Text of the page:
Bin Laden under Taliban's guard

Suspected terrorist in hiding for his safety, envoy says

U.S. `not negotiating'

Afghanistan says Saudi exile silent on suggestion he leave

Terrorism Strikes America

The World

October 01, 2001|By Frank Langfitt | Frank Langfitt,SUN FOREIGN STAFF

ISLAMABAD, Pakistan -- After days of denying that they knew anything about the whereabouts of Osama bin Laden, the Taliban said yesterday that they have the Saudi exile in their custody and are hiding him for his own protection.

"He's under the control of the Islamic Emirate of Afghanistan and only security people know where he is," the Taliban's ambassador to Pakistan, Abdul Salam Zaeef, told a group of two dozen reporters gathered at his home in the Pakistani capital.

Bin Laden is moving from place to place for his safety, said Zaeef, who reiterated the Taliban position that he would be given up only if the United States provided evidence of bin Laden's involvement in the terrorist attacks on the East Coast.

Zaeef said bin Laden has not responded to the suggestion from Afghan clerics and the Taliban spiritual leader, Mullah Mohammad Omar, that he leave of his own volition.

"The ulema [council of clerics] recommendation was handed to him," Zaeef said. "There has been no response."

In Washington, Secretary of Defense Donald H. Rumsfeld greeted the news with skepticism.

"It was just a few days ago that they said they didn't know where he was," Rumsfeld said on NBC's Meet the Press, "so I have no reason to believe anything a Taliban representative has said."

If the Taliban assertion served as any hint that there might be room for negotiation, the White House appeared to reject the possibility yesterday.

"The president has said we're not negotiating," Andrew H. Card Jr., the White House chief of staff, said on Fox News Sunday. "We've told the Taliban government what they should be doing. They've got to turn not only Osama bin Laden over but all of the operatives of the [alleged terrorist] al-Qaida organization. They've got to stop being a haven where terrorists can train."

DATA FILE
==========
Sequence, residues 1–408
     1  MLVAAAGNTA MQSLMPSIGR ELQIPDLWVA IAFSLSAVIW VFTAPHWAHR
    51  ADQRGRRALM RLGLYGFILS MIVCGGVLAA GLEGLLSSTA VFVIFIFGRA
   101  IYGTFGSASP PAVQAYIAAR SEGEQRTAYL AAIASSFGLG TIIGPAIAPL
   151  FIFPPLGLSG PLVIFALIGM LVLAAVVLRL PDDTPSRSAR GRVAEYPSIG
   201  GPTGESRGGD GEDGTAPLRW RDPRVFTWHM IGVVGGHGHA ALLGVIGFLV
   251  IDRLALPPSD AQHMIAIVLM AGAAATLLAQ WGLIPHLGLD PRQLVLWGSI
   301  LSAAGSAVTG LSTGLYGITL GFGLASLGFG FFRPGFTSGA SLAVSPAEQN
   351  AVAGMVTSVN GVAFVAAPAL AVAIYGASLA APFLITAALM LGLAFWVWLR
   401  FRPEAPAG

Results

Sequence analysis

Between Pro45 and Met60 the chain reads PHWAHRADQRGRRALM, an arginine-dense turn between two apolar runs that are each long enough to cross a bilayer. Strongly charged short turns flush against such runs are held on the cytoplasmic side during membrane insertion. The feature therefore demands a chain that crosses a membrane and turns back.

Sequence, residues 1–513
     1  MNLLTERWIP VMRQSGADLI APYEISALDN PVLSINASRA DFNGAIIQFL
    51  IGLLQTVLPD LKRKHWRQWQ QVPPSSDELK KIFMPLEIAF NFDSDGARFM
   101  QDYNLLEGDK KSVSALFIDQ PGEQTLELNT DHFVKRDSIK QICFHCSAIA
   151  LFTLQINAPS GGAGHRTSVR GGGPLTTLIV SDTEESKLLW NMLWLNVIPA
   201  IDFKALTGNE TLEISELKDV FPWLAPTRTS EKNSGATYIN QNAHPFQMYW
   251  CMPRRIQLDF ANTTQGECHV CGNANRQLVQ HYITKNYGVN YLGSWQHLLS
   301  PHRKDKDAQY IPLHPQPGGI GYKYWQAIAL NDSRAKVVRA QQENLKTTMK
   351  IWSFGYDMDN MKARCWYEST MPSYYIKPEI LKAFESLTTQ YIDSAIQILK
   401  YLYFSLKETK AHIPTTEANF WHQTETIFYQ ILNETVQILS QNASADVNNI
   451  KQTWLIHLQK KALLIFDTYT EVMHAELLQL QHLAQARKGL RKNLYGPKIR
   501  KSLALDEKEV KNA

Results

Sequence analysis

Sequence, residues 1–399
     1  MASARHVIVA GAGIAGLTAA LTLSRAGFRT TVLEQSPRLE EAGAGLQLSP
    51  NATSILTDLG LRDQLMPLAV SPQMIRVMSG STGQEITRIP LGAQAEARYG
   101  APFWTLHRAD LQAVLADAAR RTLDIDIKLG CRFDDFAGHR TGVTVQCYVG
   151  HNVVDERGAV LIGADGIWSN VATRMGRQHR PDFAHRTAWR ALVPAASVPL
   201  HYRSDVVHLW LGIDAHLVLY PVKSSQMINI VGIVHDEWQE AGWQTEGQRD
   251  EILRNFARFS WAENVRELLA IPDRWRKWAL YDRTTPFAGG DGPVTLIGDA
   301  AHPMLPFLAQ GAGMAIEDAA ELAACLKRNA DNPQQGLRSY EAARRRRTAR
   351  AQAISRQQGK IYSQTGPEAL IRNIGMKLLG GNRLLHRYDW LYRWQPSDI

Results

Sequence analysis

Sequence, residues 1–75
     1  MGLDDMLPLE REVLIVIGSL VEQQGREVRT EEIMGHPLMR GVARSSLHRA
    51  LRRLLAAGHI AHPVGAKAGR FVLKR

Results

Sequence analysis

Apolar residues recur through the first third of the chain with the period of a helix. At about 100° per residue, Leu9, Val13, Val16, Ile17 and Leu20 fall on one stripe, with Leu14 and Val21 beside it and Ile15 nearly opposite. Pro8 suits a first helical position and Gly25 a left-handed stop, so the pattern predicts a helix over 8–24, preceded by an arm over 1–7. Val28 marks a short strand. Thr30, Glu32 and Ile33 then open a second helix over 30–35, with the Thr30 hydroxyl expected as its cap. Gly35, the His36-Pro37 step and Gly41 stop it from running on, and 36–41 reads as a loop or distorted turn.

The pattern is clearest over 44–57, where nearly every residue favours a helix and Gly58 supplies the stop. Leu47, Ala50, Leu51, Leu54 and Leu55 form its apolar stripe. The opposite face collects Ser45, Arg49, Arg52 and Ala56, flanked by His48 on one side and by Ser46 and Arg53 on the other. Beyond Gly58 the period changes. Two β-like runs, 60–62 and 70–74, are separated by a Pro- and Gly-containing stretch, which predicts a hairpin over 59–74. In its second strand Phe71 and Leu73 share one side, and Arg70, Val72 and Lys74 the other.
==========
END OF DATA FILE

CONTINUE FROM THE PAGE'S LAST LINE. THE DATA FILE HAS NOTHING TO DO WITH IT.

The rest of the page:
Pakistan's president, Gen. Pervez Musharraf , who sent two abortive missions to Omar to try to persuade him to surrender bin Laden, said he was not optimistic that bin Laden would be given up.

"I would say, yes, we haven't been able to succeed in moderating their views on surrendering Osama bin Laden," Musharraf told CNN, "but we have our doors open and some progress has been made, and we hope a little more progress can be made."

Apparently, the Taliban are feeling increasing pressure at home as well as abroad. In Kabul yesterday, authorities arrested six people distributing pamphlets calling for the return of Mohammad Zahir Shah, the king of Afghanistan who was overthrown in 1973 and now lives in Rome. Muslim clerics in several of Afghanistan's eastern provinces recommended that authorities torch the homes of anyone supporting Zahir.

The pamphlets urged people to support Zahir, dislodge the Taliban and reject the idea that the United States is their enemy, according to the Afghan Islamic Press (AIP), a private news agency in Pakistan with ties to the Taliban.

Omar made a broadcast on the Taliban's Voice of Shariat radio last night, warning the 86-year-old exiled king to stay out of Afghanistan's affairs.

"Forget Afghanistan, you won't be able to solve the issue of Afghanistan in your lifetime," Omar said in a broadcast monitored by Reuters. "How dare you think you can return to Afghanistan backed by the United States? How are you going to rule the country? How can you think of such things?"

Zahir met with Rep. Curt Weldon, a Pennsylvania Republican, and other U.S. congressional leaders in Rome yesterday and reportedly said he would not oppose a United States effort to topple the Taliban.

"We have a common struggle against terrorism," Zahir said.

"All of America is looking to the king to play a key role here," Weldon said, "and help us coalesce those who oppose the Taliban and those who oppose Osama bin Laden's presence in their country.

"His wish is that the U.N. play a role. But he did not dismiss the notion that if the U.N. could not agree, that a U.S.-led force of allies would in fact liberate his country and allow this process to go forward."

In Islamabad, the Taliban ambassador dismissed the notion that the former king would have any legitimacy in Afghanistan.

"Any government that is being forced on Afghan people by outside forces, that is the United States or any other country, we will consider as a puppet government," said Zaeef, as a man in a chain-link skullcap with a black patch over his right eye translated the words into English.

"We will deal with them as a puppet government of the Communist regime that we dealt with before."

The Taliban leadership, meanwhile, appeared to remain committed to the harsh policies for which it has become known. Yesterday, Kabul authorities resumed the trial of eight foreign aid workers on charges of preaching Christianity. The trial had been delayed in recent weeks amid fears of a U.S. retaliation after the attacks on the World Trade Center and the Pentagon.

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